8. FKA twigs, MAGDALENE (2019)
It might be paradoxical to place an album that did its best to defy genre in a ‘best pop albums of the decade’ list. But in the context of FKA twigs’ career, MAGDALENE is the album that saw her going from the left-field R&B sounds of LP1 to a markedly more accessible and, yes, pop-sounding approach. Drawing influences from the likes of Kate Bush and Björk, twigs’s varied and revelatory sophomore LP boasts an impressive list of guest contributors from both the art pop and mainstream pop worlds, from experimental artists like Arca and Nicolas Jaar to megaproducer Jack Antonoff and rapper Future. But MAGDALENE is also a devastatingly personal album, as FKA twigs twists and stretches her voice in a remarkably expressive and immediate manner to evoke the shattering pain of heartbreak. From transcendent, expansive cuts like ‘thousand eyes’ and ‘mary magdalene’ to heartbreakingly spare ballads like ‘mirrored heart’ and ‘cellophane’, MAGDALENE is the sound of a fallen alien trying to reach out to the people of Earth by means of their most universal art form, just like FKA twigs flirts with the peripheries of commercial pop and ends up becoming one of its leading vanguards.
7. Daft Punk, Random Access Memories (2013)
Of all the albums on this list, none was as much of an artistic detour as Random Access Memories was for Daft Punk. The fourth studio album by the French electronic duo saw them trading EDM synths and samples for session musicians and live instruments in a genuine effort to pay homage to the disco and electronic dance music scenes of the 1970s and 80s. On a purely technical level, Random Access Memories is simply masterful: meticulously crafted, flawlessly engineered, and expertly mixed, it’s hard to deny the sheer sonic beauty of this album. But what’s most remarkable about it is that unlike all the other electronic acts of the decade that artlessly stole musical tropes from that era of pop, RAM feels so much more than just a dire exercise in nostalgia. The songs here are not just catchy – there’s a reason ‘Get Lucky’ dominated the airwaves, though it’s a shame other cuts didn’t find the same success – but also surprisingly ambitious in concept and narrative: once you dig deeper into the album, tracks like the nearly 10-minute prog-pop epic ‘Gorgio by Moroder’, album centrepiece ‘Touch’, and touching piano ballad ‘Within’ turn it into a holistically rewarding listening experience. With RAM, Daft Punk injected humanity into their robotic personas’ genetic code.
6. Janelle Monáe, Dirty Computer (2018)
At first glance, Dirty Computer might have seemed like a sub-par release compared to Janelle Monáe’s more expansive and ambitious concept albums, namely 2010’s sci-fi odyssey The ArchAndroid and 2013’s looser follow-up The Electric Lady. The record finds her stripping away the elaborate, sometimes difficult-to-digest features of her previous releases and tightening her focus to create a straightforward yet flawlessly executed and empoweringly liberating pop album. It has all the elements that make Monaé’s music so uniquely enjoyable, but this time designed for a newfound mainstream audience that was just starting to discover her work following her acting turns in 2016’s Oscar-winning Moonlight and Hidden Figures. But at no point does it feel like she’s doubling down on her approach: it’s a fearlessly joyful, uncompromisingly radical, and above all danceable record that’s filled to brim with queer sexual energy – look no further than the infectious lead singles, the Prince-indebted ‘Make Me Feel’ and the Grimes-featuring, irresistibly sultry ‘Pynk’. Yet it’s also Monaé’s most personal record as she abandons the persona of Cindi Mayweather and opens up about her own insecurities, unveiling the humanity that’s always been behind Monaé’s dense Afrofuturist worlds.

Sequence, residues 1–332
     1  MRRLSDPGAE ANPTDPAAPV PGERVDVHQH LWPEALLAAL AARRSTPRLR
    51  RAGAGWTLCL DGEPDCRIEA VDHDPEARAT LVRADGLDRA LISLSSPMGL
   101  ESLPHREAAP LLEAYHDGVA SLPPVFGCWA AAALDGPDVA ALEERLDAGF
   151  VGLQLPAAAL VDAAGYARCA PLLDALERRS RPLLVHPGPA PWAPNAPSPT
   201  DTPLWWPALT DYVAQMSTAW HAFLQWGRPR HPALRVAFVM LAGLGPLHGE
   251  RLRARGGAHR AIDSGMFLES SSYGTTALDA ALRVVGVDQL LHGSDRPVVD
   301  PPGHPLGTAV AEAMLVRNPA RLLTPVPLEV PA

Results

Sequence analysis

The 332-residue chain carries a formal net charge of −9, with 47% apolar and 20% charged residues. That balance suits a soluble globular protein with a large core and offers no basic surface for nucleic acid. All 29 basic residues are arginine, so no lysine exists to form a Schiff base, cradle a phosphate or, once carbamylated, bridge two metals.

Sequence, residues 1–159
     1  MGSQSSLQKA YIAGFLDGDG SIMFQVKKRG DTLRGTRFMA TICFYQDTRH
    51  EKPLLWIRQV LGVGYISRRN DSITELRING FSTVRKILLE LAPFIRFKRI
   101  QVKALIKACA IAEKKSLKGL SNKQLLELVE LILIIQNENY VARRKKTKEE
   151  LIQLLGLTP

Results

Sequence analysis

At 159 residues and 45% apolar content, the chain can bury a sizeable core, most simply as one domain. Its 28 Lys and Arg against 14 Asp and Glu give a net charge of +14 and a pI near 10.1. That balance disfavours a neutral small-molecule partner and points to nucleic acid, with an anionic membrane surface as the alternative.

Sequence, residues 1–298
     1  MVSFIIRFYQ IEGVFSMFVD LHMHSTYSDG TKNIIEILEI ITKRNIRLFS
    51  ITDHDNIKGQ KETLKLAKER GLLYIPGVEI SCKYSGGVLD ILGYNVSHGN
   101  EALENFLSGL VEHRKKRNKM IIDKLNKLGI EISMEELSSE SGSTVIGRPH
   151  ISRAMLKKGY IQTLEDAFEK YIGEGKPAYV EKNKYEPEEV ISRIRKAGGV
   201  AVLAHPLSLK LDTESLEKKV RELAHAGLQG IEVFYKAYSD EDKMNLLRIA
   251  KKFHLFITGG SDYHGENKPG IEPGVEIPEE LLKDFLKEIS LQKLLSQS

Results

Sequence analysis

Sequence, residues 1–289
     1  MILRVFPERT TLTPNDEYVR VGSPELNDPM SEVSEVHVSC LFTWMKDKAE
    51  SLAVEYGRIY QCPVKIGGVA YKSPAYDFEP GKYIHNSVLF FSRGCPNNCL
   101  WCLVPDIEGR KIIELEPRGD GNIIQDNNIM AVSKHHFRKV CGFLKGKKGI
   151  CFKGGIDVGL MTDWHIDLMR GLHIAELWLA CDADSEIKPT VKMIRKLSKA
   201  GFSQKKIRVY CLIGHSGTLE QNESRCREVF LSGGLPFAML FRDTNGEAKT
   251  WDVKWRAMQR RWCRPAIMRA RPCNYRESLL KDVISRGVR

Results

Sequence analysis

5. Beyoncé, Lemonade (2016)
Beyoncé had already risen to prominence as a cultural icon at the start of the decade. But although she had multiple great hits under her belt, she was always primarily a singles artist. This changed with her 2015 self-titled album, which took the female empowerment narrative she’d built a reputation for and extended it into an ambitiously feminist LP without sacrificing any of her commercial appeal. But it’s her follow-up record, Lemonade, a bona fide artistic statement and her most fully-fleshed album to date, that earns a spot on this list. In art, the personal has long been political; but before this album, the personal had largely been missing from Beyoncé’s music. Lemonade is an album about infidelity that only Beyoncé could have made: unashamedly angry, relentless, and raw, as much as an album engineered for mainstream popularity can be. What was perhaps more unexpected was the diverse range of genres through which the singer chose to express her frustration, as she drew from rock n’ roll, blues, and even country alongside her familiar R&B and pop stylings. There’s no doubt Beyoncé will find a way to stay on top in the 2020s – let’s hope it gives birth to more albums like this.
4. Charli XCX, Pop 2 (2017)